The boundaries and factors affecting SEO and CRO are constantly changing with the advent of new technologies, changes in Google algorithms and new trends in marketing. One dynamic which has always been central to optimisation is Web content. Even more so now as Google penalises site owners who fill their own websites with thin text and articles, or post filler articles to gain extra links (for more information see our article on the release of Panda 4.1).
“Content is King” has been the cry from wannabe scribes since the invention of the internet and now more than any other time quality content really is essential for powerful CRO. Also designers and writers alike have campaigned the high importance of typography. In other words the vehicle that tells the story is as important as the substance of the article.
A recent project by clicklaboratory.com set up a test whereby they revamped their client’s website with just two minor changes to the text. The font was larger and there was increased spacing. They found this change alone:
- Reduced bounce rate by 10%
- Reduced exit rate by 19%
- Increased pages per visit by 24%
- Boosted conversion rate by 133%
Why are fonts important?
We are blessed nowadays with hundreds of different fonts to choose from. This can be a great advantage and it can also cause quite a problem. When website owners use many different fonts throughout their site there is a loss of consistency, the brand identity becomes confused and it makes text difficult to follow and understand. So deciding which font you are going to use throughout you site (clearly there will be design factors to take into consideration and the use of fonts to highlight aspects) is paramount when designing your site initially.
What font to use?
As much as it feels cool to use those Edwardian scripts, wingdings or fonts with fancy French names they rarely have a place when creating long text on the internet. Too often their very appearance detracts from the message. The traditional internet fonts such as Helvetica, Georgia, Times New Roman, Ariel, Verdana, and Trebuchet should be fine. The more stylised fonts can be used to highlight text.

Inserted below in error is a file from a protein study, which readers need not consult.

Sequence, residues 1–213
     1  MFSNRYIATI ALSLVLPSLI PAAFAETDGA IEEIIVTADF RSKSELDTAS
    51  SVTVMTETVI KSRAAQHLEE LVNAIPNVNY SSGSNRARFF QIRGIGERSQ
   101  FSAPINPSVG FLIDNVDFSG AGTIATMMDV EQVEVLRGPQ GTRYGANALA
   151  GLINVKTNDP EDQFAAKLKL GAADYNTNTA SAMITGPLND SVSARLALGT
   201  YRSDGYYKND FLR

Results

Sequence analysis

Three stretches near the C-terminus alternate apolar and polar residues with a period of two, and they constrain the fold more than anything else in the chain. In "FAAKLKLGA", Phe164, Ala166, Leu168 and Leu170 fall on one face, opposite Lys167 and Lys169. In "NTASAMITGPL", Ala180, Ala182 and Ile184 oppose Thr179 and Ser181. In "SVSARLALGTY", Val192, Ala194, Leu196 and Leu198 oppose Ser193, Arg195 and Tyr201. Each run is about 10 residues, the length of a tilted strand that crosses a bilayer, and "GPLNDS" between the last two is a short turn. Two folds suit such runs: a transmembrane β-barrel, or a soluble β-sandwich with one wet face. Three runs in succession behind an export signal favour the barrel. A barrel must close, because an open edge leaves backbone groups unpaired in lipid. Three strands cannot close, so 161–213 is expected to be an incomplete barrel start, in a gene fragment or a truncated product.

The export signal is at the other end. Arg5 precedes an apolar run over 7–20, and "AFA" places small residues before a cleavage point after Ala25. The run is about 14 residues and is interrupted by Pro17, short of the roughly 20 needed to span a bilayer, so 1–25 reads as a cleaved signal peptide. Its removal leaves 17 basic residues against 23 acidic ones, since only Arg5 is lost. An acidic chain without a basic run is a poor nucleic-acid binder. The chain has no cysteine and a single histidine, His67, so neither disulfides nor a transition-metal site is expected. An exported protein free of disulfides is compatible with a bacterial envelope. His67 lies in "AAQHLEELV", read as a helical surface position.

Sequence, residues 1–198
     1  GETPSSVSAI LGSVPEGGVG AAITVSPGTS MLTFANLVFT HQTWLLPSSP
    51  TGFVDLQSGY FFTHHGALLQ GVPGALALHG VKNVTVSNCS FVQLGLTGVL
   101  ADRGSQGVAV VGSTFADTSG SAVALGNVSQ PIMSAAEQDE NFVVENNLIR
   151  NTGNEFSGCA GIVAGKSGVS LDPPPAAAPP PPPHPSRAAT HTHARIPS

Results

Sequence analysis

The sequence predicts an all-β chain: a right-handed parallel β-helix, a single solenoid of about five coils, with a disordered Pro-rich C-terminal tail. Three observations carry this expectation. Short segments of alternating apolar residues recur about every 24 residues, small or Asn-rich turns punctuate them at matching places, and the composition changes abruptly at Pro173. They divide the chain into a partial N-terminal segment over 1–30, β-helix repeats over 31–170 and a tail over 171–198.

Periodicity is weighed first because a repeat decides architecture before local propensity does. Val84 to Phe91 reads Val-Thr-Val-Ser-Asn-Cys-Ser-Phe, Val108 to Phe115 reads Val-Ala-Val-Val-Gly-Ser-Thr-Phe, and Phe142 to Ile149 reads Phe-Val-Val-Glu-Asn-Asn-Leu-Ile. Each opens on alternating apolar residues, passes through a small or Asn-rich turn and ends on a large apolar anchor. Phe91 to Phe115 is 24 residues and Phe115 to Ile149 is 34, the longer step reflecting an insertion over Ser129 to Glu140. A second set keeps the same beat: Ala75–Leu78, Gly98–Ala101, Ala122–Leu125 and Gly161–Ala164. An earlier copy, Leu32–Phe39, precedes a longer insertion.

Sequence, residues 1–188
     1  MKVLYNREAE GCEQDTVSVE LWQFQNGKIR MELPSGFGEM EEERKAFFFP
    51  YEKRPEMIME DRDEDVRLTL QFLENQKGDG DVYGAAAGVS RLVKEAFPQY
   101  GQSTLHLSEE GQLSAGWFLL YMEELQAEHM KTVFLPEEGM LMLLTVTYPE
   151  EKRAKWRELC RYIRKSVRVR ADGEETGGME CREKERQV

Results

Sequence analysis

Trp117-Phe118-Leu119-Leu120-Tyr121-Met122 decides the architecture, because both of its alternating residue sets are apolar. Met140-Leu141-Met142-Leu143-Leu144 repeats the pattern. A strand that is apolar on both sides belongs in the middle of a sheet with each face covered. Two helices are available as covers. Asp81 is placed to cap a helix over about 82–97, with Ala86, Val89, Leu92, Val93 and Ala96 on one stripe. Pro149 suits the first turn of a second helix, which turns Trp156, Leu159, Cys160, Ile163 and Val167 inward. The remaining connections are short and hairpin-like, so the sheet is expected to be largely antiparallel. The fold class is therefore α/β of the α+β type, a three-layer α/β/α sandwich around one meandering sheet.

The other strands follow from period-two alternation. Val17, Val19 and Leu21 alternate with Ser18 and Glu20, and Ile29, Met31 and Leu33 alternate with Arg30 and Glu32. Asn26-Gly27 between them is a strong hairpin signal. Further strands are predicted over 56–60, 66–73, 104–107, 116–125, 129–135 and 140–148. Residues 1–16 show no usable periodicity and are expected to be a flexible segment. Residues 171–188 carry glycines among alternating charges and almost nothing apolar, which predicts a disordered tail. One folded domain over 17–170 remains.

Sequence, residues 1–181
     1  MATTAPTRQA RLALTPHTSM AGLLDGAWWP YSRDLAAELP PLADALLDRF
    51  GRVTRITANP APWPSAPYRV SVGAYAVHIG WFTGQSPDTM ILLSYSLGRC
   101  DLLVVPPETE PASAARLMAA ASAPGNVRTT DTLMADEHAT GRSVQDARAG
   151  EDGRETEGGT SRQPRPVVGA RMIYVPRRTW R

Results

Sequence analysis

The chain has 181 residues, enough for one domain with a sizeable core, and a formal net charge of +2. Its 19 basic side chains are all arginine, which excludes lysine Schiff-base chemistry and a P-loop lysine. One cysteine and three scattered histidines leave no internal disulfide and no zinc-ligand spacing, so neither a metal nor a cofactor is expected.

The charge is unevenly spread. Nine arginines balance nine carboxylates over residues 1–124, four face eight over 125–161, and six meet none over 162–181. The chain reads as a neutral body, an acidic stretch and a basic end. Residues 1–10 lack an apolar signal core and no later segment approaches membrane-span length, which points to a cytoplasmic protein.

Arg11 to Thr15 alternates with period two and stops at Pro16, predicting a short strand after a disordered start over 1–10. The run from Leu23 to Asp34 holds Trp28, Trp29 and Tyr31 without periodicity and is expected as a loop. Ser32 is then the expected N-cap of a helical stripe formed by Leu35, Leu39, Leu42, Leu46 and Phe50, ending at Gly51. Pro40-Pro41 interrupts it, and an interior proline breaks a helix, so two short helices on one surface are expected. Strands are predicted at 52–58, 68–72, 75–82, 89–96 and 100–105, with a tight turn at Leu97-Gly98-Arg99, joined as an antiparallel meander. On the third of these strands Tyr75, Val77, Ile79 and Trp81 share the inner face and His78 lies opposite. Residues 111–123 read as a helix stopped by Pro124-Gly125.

Which of the traditional fonts to use?
The fundamental differences between most fonts are whether they are serif or non-serif. A serif font is one (Georgia, Times New Roman) where there are embellishments to the basic form of the letter. It has been found that these are especially useful when creating text that needs to be understood (i.e. features and benefits) in order for conversion to take place. Conversely non-serif texts have more of an impact and so are useful for headlines.
Does your font suit your brand message?
The font itself needs to reflect your brand, profession and industry. Certain brands give a message of tradition and professionalism (Times New Roman for instance), others are casual and friendly (Cooper, Comic Sans) while others still speak of stability (Helvetica) or Modernity (Georgia).
Web fonts & conversions – Does size matter?
Our wives have always assured us it doesn’t but on the internet it does. A good average rule to go by is the 12 point rule. A study by Wichita University paralleled those most popular size fonts (10, 12 and 14) to find which was most effective. They found 12 point was faster to read and easier to comprehend.
Is there enough space?
As pointed out in the test by clicklaboratory.com line spacing helps comprehension which is so important when reading from a computer screen and so ultimately can lead to higher conversions.
Overall, consistency is important – stick to one of the traditional fonts if possible. Use serif for comprehension, 12 point for body text size, remember line spacing and ensure the font reflects your message.